I have designed pulse width modulated DACs but only for very low speed control systems. In one design I use a 12 bit PWM DAC that requires only 1 pin on an FPGA to adjust the fine tuning on a TCXO. Darryl's design is a hybrid between R-2R and PWM and is very clever. It is probably more accurate than using extra resistors. The main reason he did this design was shortage of pins on the FPGA.
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Old 10th Jul 2006, 11:26 am   #35
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Smile Re: New Aurora converter - help wanted with review

Quote:
Originally Posted by ppppenguin
When correctly designed you need only 1 opamp. I have designed very high quality equipment with multiple video outputs to be used by broadcasters. I have never used one opamp per output. The isolation between outputs is always good. You can even put a long unterminated length of cable or a short circuit on 1 output and the effect on the others will be very small. The 75R resistor in series with each each output ensure that the load on the opamp is always mainly resistive.



No. This is a 10 bit DAC! VDO9-VDO6 are the 4 MSBs as in a normal R-2R DAC. VDO4/5, VDO2/3 and VDO0/1 are pulse width modulated signals and represent 2 bits each. The output is sampled at 3 times the normal speed. Here are the pulse width modulated waveforms:

00 ____________

01 ____--____--

10 __----__----

11 ------------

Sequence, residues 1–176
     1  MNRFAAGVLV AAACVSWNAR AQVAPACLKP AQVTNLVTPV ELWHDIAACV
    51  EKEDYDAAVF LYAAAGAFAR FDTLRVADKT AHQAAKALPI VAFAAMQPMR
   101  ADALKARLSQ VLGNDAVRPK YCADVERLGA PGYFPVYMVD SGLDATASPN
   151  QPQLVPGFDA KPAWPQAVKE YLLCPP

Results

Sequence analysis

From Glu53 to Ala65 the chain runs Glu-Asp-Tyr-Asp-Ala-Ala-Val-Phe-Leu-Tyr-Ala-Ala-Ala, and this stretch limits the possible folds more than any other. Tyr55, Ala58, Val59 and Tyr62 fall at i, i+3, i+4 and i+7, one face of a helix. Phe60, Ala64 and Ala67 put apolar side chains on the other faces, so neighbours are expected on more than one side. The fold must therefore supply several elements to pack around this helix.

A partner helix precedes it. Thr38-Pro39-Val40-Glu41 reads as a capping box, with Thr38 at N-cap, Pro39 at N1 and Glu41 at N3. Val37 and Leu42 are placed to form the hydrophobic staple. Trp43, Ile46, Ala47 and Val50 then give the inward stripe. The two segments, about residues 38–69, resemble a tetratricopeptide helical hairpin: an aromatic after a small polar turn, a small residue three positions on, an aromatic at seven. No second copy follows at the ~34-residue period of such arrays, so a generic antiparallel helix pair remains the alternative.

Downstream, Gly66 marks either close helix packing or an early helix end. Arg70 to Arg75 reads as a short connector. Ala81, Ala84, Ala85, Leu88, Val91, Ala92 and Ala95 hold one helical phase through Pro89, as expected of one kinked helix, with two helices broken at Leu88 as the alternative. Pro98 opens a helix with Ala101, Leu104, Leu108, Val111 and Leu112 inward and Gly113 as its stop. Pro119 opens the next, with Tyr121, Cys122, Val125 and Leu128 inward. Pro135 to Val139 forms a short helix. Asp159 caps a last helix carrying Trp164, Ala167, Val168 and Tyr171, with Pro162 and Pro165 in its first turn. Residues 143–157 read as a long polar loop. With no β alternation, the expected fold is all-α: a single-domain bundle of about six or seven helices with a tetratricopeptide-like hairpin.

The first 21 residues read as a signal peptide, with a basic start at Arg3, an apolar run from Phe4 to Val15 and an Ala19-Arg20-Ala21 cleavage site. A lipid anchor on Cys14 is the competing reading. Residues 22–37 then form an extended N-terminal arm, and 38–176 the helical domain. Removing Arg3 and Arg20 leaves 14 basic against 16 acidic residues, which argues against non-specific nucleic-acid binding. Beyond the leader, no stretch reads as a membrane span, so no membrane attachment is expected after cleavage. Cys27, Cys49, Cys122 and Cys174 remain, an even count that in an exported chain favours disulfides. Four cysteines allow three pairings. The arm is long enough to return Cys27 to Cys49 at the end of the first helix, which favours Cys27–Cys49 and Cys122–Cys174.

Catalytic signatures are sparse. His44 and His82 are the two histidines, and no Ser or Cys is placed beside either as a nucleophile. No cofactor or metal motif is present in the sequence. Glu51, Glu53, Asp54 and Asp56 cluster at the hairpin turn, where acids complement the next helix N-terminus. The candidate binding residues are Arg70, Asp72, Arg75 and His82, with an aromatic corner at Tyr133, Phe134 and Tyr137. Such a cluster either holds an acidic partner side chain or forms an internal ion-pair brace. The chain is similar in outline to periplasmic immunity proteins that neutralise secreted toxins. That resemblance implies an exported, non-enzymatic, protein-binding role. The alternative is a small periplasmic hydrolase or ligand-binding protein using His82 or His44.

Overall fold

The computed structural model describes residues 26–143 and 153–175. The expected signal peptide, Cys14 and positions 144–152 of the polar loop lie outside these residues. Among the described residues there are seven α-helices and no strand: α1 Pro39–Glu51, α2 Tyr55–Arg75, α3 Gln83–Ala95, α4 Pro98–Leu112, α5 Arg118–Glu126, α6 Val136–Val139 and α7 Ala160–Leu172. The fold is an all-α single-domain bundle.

These waveforms are integrated by the filter to give the correct average values. The resistor values are different for these lower bits. You have to sit down and do a lot of calculation (mainly using Thevenin's theorem) to prove how this works.

I have designed pulse width modulated DACs but only for very low speed control systems. In one design I use a 12 bit PWM DAC that requires only 1 pin on an FPGA to adjust the fine tuning on a TCXO. Darryl's design is a hybrid between R-2R and PWM and is very clever. It is probably more accurate than using extra resistors. The main reason he did this design was shortage of pins on the FPGA.
Hi Jeffrey,
thanks for explaining this. It is new for me. So there are 700 grey steps.
This is good!
To compare it with an analogue world: The CXL5506 has typical 56dB s/n
things are visible more than 6db below noise makes 56dB+ 6dB say 60dB
this is 1000 minus 30% (sync) gives 700, too.

BTW: 0,1dB is 1% this is definately visible!

Kind regards
Darius
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Old 10th Jul 2006, 2:35 pm   #36
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Default Re: New Aurora converter - help wanted with review

Hello Darius and Jeff,
All the discussion about the output driver seems spot on. There are non-linear effects caused by the follower, but regardless of the load, they are minimal. The output impedance of the D/A is 1K as Jeff pointed out, regardless of the digital code or of the modified nature of the pwm bits. R34, the 2.32K, is installed (R35 is not) so the effective D/A output impedance is about 700R. Both R34 and R35 are never installed at the same time. Only one is used to set the D/A gain and operating point.

The hfe curve for the BC848 is the flatest between approximately 1-30ma which is where it is biased to operate currently. Beyond 30ma the hfe has a pronounced rolloff that would result in a change in gain for the video portion of the signal. I believe Darius correctly pointed out that the sync portion of the signal is most affected by the low end of the hfe curve now, but pushing the biasing beyond 30ma would mean the video portion would be affected. BTW, the sync signals generated are not just square waves but are edge rate controled as required.

Darius is correct that independent followers would be ideal, however this isn't required. While there will be a gain change to the signal fed to the internal modulator (VID_CONV) when an external load is connected, it is negligable and stable if the load is the correct 75R.